Private car park operators in Queensland are being denied access to vehicle registration information after ‘exploited’ drivers filed complaints with the Bureau of Transport and Major Roads.
Transport Secretary Mark Bailey said “predatory companies” took advantage of a loophole to fine drivers who overstayed the time.
Existing regulations have allowed private car park operators to access registration data, including names and addresses, when viewed as the first step in a lawsuit against drivers found to have over-parked.
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“What we’ve seen is some predatory companies giving people what looked like fines that aren’t actually fines for staying in parking lots too long,” Bailey told reporters Tuesday.
“And the way it was done was a real rip off to be honest and it was something that tried to exploit people rather than manage parking lots.”
As of Monday, companies will no longer be able to access information under a statutory provision intended for car accidents or similar incidents where failure to provide information is a punishable offence.
Some companies have instead used the provision to access information solely to issue fines with no intention of going to court to pursue a lawsuit, Bailey said.
“It was a case of not acting in good faith and exploiting a loophole,” he said.
“What we’re going to do is stop that from happening next Monday and we’re going to try to reform the rules so that you need a court order to get access to that information.”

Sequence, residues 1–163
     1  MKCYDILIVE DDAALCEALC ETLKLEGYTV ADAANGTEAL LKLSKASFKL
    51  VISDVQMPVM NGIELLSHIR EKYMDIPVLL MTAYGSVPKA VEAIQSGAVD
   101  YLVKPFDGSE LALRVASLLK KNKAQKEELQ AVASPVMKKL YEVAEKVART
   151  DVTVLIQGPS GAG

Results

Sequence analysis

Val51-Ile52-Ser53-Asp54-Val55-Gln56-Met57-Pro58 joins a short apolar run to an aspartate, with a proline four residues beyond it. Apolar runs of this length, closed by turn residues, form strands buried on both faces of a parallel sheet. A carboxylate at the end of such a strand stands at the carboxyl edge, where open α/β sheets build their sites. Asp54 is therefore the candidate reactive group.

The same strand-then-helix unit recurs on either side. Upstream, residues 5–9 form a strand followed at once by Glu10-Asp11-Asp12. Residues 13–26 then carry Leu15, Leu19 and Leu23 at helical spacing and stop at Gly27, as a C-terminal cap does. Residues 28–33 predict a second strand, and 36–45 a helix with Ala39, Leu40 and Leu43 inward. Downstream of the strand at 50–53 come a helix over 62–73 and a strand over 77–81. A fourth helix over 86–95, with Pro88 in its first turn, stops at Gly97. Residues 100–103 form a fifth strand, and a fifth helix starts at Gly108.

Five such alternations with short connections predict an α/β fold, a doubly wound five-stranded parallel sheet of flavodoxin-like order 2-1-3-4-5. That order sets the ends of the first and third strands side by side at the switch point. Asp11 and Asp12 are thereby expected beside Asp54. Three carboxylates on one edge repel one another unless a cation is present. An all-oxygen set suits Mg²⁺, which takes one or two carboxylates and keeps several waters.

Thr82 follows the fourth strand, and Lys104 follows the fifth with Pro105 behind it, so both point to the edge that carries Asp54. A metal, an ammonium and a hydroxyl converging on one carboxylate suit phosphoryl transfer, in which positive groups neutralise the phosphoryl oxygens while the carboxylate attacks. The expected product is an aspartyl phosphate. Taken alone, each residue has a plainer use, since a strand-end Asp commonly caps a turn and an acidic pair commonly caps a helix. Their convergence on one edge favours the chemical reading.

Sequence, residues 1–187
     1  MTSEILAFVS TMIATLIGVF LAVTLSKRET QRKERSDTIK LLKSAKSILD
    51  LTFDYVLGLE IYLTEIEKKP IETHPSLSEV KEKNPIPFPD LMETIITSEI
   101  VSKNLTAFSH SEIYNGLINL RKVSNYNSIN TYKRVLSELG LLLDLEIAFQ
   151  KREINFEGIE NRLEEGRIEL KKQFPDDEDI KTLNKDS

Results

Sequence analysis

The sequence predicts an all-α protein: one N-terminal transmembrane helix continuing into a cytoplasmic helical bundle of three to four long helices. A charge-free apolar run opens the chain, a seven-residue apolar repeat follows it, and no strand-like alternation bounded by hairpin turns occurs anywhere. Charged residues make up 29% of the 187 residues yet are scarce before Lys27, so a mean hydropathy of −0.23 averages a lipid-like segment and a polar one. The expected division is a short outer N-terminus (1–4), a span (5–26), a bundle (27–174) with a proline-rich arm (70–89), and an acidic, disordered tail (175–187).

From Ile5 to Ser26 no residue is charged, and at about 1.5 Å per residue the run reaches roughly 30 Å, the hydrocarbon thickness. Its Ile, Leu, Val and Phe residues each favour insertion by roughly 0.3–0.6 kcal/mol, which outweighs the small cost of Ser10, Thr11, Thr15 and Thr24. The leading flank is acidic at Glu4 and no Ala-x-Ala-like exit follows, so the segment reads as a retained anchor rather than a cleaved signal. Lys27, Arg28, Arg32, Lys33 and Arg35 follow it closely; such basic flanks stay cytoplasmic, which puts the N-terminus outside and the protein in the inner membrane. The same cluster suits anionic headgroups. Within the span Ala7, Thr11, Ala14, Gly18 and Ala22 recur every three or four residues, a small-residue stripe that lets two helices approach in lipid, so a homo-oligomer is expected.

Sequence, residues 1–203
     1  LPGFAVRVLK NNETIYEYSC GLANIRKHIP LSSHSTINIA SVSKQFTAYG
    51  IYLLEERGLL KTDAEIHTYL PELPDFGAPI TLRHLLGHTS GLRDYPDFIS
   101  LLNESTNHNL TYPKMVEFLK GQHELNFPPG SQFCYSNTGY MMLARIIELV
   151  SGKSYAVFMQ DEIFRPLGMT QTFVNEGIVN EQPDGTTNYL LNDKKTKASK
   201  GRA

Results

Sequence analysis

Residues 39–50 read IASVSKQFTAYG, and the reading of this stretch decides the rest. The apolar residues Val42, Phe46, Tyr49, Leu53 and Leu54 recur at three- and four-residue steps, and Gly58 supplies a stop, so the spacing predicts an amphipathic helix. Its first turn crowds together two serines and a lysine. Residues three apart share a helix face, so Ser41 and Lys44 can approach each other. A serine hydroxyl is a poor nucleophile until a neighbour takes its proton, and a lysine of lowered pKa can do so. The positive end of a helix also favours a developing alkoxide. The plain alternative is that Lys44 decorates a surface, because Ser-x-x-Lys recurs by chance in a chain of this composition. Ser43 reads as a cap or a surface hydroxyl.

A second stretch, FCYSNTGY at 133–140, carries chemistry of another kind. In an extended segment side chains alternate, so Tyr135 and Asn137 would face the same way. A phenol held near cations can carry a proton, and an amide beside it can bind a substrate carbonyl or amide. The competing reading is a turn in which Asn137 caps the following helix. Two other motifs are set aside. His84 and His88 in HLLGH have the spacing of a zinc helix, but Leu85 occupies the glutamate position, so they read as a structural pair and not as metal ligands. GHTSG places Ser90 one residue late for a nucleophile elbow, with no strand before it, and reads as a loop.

Macca’s furor over parking pain
The Queensland Government’s move comes after a third-party parking management group hired by McDonald’s came under fire when it charged Brisbane customers with exceeding parking restrictions they were unaware of on March 20.
Queensland’s mum Leisa Maia was at Indooroopilly McDonalds earlier this month for her son’s eighth birthday celebration, which lasted less than three hours, videos, photos and receipts confirm.
A few weeks later, she and the children’s party guests received a $135 fine in the mail from Smart Compliance Management.
“We didn’t see any parking signs or notices,” Maia said.
Both Maia and her cousin, who was also fined, went through the appeals process but said it was “not really a process”.
She received a “dry reply” which, in Maia’s words, read: “Hell, you’ve exceeded the parking limit”.
“Pay or we’ll send your details to collection agencies.”
They were informed that the appeals process had ended.
In a statement, Smart Compliance Management told 7NEWS that “customers are on private property, so Smart Compliance Management is legally able to report parking violations.”
Bailey had previously called the opportunistic use of the parking spot “disgraceful and disgusting.”
McDonald’s previously told 7NEWS that “like many businesses, some McDonald’s restaurants may hire a third party to manage their parking lot.”
After 7NEWS came forward about the Maia family’s experience, McDonald’s agreed to drop the parking ad — even though it wasn’t legally enforceable.
– With AAP
– With Sally Gyte and Ned Balme, 7NEWS
https://7news.com.au/politics/law-and-order/major-change-to-parking-rules-closes-loophole-in-one-state–c-9750969 Queensland is introducing a major change in parking rules to close a “loophole” being exploited by private parking operators